If you're the owner of a tattoo shop, it's almost mandatory that you drive a cool car. If someone sees you pull up to work in a Prius, they're most likely going to head elsewhere unless they have giant butterflies on the agenda. Slingin' Ink Tattoo owner J.C. Rodriguez has the car part down pat, with a clean 1972 Chevelle he drives anywhere and everywhere. But that's not the kicker. "A lot of people think it's just a nice, old classic with some chrome wheels," J.C. says,” but it's not." What actually powers the old Chevy is a 6.0L LQ4 LS motor that was swapped in by Matt's Fab Shop in Orland, California. If LS power wasn't enough, Matt also built a custom turbo setup using an 80mm S400 BorgWarner turbocharger, then backed the whole thing with a Tremec T56 Magnum transmission. "Especially on country roads, getting sideways in Third or Fourth gear is no problem," says car builder Matt. J.C. added, "It also starts and fires up every day, and I can drive to work, no problem." Matt continues, "The look on peoples’ faces is priceless. At a car show where people were trying to figure out how much 350 rwhp was in flywheel horsepower, the Chevelle made 620 hp to the wheels at 10 psi and 684 hp at 12 psi; it's at 16 psi now, which we figure is good for about 800 hp."
"I drive the car everywhere, that's why I went with the manual transmission," J.C. says. "If you can't have fun in your daily driver, what's the point? And this car was built to be as fun as possible.” While we're always on the lookout for cool power combinations and cool rides, J.C.'s Chevelle combines it all into one neat, little package. We know he's having fun in his commuter car, are you?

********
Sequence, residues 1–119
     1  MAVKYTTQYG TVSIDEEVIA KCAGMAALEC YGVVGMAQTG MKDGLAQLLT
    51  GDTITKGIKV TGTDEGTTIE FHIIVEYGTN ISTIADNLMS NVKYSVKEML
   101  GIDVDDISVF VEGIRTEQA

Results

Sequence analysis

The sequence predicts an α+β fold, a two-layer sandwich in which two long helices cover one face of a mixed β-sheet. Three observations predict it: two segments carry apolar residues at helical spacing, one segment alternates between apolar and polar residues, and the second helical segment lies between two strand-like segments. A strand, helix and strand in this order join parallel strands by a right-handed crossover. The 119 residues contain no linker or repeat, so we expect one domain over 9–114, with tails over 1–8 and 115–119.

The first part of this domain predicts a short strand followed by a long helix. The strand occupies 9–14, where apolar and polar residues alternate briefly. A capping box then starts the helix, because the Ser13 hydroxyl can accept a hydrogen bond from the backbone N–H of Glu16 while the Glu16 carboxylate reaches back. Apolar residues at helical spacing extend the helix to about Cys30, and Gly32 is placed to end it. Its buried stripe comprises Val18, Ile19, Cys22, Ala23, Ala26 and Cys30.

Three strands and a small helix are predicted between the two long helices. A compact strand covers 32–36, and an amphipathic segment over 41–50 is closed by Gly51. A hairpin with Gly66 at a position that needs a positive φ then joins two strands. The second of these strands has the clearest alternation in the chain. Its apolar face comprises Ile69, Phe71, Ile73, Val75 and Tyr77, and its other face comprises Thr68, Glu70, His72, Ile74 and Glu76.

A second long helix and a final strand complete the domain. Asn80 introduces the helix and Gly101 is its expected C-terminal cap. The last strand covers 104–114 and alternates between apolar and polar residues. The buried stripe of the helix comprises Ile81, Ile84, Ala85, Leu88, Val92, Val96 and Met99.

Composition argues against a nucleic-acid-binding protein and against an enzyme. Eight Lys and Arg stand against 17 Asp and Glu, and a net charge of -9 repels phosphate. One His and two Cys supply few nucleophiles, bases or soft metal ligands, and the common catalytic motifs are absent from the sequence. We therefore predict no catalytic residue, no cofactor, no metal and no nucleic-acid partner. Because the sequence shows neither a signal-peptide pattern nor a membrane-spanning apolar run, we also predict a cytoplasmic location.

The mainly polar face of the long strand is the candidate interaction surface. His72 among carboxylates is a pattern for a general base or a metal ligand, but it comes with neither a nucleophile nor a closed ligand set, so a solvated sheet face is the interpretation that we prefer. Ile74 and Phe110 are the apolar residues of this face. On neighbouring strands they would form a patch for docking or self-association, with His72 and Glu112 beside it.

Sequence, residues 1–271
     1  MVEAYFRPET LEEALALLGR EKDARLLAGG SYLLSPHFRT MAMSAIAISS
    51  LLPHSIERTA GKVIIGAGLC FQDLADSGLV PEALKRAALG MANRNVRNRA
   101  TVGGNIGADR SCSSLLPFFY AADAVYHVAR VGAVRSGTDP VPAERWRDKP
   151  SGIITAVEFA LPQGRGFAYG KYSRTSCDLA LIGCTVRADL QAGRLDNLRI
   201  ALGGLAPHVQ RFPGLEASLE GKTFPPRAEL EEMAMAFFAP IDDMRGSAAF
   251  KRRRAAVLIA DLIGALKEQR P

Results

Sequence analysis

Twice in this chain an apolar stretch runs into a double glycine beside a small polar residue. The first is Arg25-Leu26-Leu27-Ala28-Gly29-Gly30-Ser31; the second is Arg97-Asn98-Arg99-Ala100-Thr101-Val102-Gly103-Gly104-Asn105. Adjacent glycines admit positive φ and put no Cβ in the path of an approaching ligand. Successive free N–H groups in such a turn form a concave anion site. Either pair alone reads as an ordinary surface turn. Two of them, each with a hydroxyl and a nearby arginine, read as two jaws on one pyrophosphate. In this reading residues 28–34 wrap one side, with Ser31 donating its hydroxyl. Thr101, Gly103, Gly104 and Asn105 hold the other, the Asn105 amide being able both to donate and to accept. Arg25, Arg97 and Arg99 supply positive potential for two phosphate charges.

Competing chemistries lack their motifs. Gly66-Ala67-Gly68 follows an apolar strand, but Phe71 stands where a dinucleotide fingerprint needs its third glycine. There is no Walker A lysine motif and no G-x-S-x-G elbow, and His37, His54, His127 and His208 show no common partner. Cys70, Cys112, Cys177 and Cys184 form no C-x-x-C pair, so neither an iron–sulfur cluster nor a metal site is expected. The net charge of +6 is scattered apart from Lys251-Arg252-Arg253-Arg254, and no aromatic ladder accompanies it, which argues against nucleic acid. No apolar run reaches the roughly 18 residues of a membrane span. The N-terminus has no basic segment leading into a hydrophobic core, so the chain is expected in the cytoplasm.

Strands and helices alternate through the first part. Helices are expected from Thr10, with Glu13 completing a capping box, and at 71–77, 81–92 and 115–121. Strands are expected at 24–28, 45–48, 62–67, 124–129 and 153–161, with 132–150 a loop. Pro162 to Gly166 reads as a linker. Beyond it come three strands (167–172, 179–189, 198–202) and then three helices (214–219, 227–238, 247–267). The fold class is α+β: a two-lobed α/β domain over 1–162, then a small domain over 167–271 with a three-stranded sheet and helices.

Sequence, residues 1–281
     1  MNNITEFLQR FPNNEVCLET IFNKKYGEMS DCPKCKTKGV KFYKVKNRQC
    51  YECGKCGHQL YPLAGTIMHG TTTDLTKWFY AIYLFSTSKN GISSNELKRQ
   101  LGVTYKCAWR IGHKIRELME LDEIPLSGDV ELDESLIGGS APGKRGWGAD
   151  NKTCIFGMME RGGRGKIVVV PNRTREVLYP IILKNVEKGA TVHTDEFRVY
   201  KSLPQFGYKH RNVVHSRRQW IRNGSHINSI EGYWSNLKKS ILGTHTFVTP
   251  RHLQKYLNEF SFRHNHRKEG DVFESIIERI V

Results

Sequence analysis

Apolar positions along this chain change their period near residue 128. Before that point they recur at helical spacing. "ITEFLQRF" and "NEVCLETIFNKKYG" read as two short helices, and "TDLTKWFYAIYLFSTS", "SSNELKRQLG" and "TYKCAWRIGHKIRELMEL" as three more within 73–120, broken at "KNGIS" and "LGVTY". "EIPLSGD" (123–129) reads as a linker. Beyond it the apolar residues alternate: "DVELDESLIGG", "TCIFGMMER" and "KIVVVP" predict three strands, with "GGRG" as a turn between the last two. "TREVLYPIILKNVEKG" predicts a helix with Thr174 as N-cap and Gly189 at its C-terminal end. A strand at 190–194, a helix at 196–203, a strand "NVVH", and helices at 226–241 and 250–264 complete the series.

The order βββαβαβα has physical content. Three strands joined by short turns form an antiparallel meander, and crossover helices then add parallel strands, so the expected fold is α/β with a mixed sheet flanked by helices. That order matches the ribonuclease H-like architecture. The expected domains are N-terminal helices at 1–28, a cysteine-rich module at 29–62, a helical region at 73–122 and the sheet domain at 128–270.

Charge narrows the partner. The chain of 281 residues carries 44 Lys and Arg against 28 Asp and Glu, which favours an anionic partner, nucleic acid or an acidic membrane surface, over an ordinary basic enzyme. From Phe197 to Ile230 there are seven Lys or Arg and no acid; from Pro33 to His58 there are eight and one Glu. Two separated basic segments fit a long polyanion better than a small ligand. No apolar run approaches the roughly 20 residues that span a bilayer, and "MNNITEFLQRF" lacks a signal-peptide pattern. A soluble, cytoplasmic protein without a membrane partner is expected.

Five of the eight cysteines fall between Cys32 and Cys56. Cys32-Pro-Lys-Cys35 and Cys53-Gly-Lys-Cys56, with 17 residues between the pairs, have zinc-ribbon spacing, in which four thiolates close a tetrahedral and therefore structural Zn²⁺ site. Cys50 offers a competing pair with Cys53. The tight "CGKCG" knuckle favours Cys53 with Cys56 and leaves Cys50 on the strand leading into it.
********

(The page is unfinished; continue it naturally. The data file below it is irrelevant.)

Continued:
Matt sourced a 6.0L LQ4 iron truck motor out of the junkyard for the Chevelle project. They offered him no warranty, nor would they tell him the mileage on the engine, but that didn't deter him. He took the engine apart, checked for major damage, then fitted it with ARP studs, LS9 head gaskets, and a Lil' John Motorsports Stage 3 camshaft with Brian Tooley Racing valvesprings and pushrods. The entire bottom end is stock, including the crank, rods, pistons, ring gaps, and oiling system.
Boost doesn't end with a turbocharger, and a lot of work was put into taking pressure from the compressor and cramming it into the engine. A Holley Hi-Ram was the manifold of choice, with a 417 Motorsports air-to-water intercooler sandwiched in between. An Edelbrock 70mm throttle-body directs air into the engine.
A fairly intricate fuel system was needed to keep the LS engine at its peak performance. Starting with a Holley Dominator pump back at the tank, 91 octane travels up to twin Holley fuel rails and into 83-lb/hr Holley injectors. The engine's fuel management, timing, and data logging is all performed through Holley’s HP EFI system.
An 80mm turbocharger from BorgWarner got the nod for boost creation and was spec'd with a 96mm turbine wheel and 1.25 A/R for this application. To combat boost creep, twin 50mm JGS wastegates were incorporated on the exhaust side. The exhaust manifolds are the simplest part of the system, as they are a set of flipped stockers with V-bands welded on the ends.
J.C. and Matt agreed that manual transmissions were more fun, so they made it happen. A T56 Magnum transmission was installed into the Chevelle with a custom crossmember, along with a Monster Clutches Level 3 clutch. A stout Moser 9-inch rearend with 3.89 gears backs everything up at the tires.